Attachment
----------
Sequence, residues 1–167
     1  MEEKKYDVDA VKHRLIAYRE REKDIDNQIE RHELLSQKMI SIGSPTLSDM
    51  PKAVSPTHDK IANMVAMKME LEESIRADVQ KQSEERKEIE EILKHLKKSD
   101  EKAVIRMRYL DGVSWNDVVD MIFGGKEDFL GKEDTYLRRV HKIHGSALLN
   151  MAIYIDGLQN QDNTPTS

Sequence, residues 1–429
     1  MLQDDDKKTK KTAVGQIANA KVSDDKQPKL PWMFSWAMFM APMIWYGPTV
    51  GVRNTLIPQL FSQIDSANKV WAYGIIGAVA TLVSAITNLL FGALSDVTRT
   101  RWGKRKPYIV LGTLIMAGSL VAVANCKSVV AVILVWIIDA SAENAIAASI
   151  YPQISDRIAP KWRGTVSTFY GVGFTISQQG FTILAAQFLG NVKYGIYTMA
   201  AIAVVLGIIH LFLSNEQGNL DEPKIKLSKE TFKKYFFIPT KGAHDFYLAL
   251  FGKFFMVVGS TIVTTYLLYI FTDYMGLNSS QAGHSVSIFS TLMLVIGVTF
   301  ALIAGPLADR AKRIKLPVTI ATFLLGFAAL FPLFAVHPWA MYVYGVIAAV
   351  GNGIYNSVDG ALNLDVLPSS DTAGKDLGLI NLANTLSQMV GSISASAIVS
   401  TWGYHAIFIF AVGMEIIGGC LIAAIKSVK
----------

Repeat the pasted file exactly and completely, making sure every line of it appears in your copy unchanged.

Sequence, residues 1–167
     1  MEEKKYDVDA VKHRLIAYRE REKDIDNQIE RHELLSQKMI SIGSPTLSDM
    51  PKAVSPTHDK IANMVAMKME LEESIRADVQ KQSEERKEIE EILKHLKKSD
   101  EKAVIRMRYL DGVSWNDVVD MIFGGKEDFL GKEDTYLRRV HKIHGSALLN
   151  MAIYIDGLQN QDNTPTS

Sequence, residues 1–429
     1  MLQDDDKKTK KTAVGQIANA KVSDDKQPKL PWMFSWAMFM APMIWYGPTV
    51  GVRNTLIPQL FSQIDSANKV WAYGIIGAVA TLVSAITNLL FGALSDVTRT
   101  RWGKRKPYIV LGTLIMAGSL VAVANCKSVV AVILVWIIDA SAENAIAASI
   151  YPQISDRIAP KWRGTVSTFY GVGFTISQQG FTILAAQFLG NVKYGIYTMA
   201  AIAVVLGIIH LFLSNEQGNL DEPKIKLSKE TFKKYFFIPT KGAHDFYLAL
   251  FGKFFMVVGS TIVTTYLLYI FTDYMGLNSS QAGHSVSIFS TLMLVIGVTF
   301  ALIAGPLADR AKRIKLPVTI ATFLLGFAAL FPLFAVHPWA MYVYGVIAAV
   351  GNGIYNSVDG ALNLDVLPSS DTAGKDLGLI NLANTLSQMV GSISASAIVS
   401  TWGYHAIFIF AVGMEIIGGC LIAAIKSVK